On Monday, a mobile vaccine clinic from Harborview Medical Center was in Federal Way, delivering COVID-19 shots at the Pacific Islander Community Association headquarters.

Last week, a clinic rolled into El Centro de la Raza in Seattle. Next up: Casa Latina in the Central District, where day workers gather each morning before fanning out to job sites across the region.

The roving clinics are a new addition to the lineup of vaccine options in King County, made possible by a $1 million grant from the Paul G. Allen Family Foundation.

The grant will allow the medical teams to administer about 20,000 shots to people in vulnerable and hard-to-reach communities, said Dr. Lisa Chew, a leader of the Harborview and UW Medicine project.

“This has allowed us to jump-start and develop the infrastructure for our mobile vaccine program and to serve, in a meaningful way, communities disproportionately impacted by the virus,” she said.

Earlier in the pandemic, the Allen Foundation provided $2 million to help Harborview/UW Medicine establish mobile coronavirus testing units, some of which are now pivoting to provide vaccine instead, Chew said.


The donations are part of more than $12 million in COVID-related grants to organizations in the Pacific Northwest — including hard-hit arts groups and restaurants — from the foundation created by the late Microsoft co-founder Paul Allen and his sister Jody Allen.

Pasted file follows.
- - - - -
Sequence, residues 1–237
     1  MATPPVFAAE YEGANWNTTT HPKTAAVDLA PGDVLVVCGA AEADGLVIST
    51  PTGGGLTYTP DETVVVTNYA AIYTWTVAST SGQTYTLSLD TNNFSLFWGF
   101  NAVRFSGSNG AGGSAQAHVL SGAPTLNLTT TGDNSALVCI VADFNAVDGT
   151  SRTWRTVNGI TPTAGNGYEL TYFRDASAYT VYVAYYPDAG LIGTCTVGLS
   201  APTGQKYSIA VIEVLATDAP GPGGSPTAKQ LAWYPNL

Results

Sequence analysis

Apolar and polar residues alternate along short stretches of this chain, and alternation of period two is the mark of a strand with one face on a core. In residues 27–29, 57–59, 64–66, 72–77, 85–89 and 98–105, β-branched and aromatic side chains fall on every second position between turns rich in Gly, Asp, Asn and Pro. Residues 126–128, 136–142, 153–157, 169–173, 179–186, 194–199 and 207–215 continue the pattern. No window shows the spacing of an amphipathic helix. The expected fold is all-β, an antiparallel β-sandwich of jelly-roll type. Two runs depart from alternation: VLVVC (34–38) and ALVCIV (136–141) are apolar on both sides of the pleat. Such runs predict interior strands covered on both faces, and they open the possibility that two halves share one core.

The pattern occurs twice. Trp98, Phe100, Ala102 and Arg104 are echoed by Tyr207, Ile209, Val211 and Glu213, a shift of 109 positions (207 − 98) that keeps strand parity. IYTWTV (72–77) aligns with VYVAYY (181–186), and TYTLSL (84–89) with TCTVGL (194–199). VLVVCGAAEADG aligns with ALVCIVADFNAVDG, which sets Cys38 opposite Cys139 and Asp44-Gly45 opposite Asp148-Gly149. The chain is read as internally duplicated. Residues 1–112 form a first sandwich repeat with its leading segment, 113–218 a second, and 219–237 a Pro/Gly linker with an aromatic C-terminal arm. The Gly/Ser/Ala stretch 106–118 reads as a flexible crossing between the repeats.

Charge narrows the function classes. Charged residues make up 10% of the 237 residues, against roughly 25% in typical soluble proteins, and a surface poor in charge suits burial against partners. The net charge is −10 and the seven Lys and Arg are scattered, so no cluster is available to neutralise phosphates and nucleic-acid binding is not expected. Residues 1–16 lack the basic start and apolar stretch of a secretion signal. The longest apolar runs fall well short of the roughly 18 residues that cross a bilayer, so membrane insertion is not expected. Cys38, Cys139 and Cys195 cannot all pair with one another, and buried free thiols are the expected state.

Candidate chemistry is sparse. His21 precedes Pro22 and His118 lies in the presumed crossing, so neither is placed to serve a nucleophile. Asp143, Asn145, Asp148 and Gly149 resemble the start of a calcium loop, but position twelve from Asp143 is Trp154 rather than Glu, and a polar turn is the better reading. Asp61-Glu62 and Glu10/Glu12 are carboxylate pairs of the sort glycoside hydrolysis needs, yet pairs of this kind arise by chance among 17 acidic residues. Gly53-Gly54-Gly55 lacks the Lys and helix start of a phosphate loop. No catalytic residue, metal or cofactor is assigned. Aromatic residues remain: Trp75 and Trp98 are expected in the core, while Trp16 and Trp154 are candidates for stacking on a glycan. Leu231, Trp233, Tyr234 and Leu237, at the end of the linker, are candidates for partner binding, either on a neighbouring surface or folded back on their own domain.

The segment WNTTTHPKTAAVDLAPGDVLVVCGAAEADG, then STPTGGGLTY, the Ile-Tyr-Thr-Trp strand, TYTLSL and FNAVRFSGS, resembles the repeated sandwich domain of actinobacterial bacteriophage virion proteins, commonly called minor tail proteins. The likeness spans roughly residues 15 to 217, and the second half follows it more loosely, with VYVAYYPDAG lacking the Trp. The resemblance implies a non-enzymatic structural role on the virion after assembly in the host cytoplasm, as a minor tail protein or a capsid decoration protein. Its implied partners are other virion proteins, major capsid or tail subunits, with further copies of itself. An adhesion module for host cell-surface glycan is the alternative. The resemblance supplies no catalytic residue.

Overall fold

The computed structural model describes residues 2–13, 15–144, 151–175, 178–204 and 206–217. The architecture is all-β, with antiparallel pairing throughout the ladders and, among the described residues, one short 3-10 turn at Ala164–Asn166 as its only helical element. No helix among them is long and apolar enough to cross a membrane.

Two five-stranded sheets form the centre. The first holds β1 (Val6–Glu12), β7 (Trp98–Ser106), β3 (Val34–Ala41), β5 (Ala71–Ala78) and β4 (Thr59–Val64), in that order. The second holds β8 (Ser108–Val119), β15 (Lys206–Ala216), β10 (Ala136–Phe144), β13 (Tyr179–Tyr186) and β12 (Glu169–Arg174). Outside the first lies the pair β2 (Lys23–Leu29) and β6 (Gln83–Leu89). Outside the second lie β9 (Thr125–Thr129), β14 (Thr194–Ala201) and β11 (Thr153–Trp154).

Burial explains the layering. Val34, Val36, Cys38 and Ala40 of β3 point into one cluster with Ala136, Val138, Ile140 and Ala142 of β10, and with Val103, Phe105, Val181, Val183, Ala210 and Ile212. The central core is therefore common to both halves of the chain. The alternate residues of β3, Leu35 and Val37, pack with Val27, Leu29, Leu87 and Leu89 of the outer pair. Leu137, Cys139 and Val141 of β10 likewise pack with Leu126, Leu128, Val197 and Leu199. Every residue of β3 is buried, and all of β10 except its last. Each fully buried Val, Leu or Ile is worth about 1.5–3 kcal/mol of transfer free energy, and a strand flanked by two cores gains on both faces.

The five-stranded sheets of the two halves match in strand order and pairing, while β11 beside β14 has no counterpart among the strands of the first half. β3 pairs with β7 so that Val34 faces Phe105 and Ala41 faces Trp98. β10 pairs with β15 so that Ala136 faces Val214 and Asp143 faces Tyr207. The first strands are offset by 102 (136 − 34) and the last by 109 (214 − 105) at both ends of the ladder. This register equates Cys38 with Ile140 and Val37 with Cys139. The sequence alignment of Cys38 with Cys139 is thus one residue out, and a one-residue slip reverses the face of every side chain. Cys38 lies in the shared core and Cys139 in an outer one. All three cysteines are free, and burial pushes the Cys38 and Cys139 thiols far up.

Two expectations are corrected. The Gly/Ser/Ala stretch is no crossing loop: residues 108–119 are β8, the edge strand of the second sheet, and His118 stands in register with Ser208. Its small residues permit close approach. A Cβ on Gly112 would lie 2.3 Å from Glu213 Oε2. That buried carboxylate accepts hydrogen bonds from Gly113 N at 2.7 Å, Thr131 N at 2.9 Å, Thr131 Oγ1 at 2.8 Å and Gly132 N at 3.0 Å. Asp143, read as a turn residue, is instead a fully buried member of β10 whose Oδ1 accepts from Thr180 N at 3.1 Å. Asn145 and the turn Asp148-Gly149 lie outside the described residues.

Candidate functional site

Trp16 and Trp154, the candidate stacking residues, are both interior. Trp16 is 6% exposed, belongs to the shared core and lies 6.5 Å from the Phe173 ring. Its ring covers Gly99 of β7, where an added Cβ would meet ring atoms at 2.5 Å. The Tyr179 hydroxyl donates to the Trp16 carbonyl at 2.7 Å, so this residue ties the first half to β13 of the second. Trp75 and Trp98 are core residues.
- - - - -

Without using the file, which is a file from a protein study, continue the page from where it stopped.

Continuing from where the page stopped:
“As vaccination availability turns the tide in this pandemic, the foundation continues its commitment to improving and expanding equitable access to COVID-19 resources,” Lara Littlefield, director of the foundation’s science and technology partnerships, said in a statement.

The grant also includes funding to partner with community leaders and organizations to provide accurate information about vaccines and help build trust in communities that have experienced historical injustices and lack of health care.

Bringing vaccine education and access directly to King County’s most impacted communities will be critical to reducing hospitalizations, lowering infection rates, and bringing an end to the pandemic, Littlefield added.

The idea behind mobile clinics is to reach people who might have a hard time navigating online vaccine appointment systems or getting to pharmacies or other locations for the shots, Chew said. Events so far have ranged from vaccinating 250 or more people at a single location, to smaller groups of fewer than 100.

The project is working with other vaccine providers, including King County, to identify and target “vaccine deserts.” It will also revisit sites, like the Pacific Islander Community Association, to provide shots for people who were originally hesitant but have changed their minds, Chew said.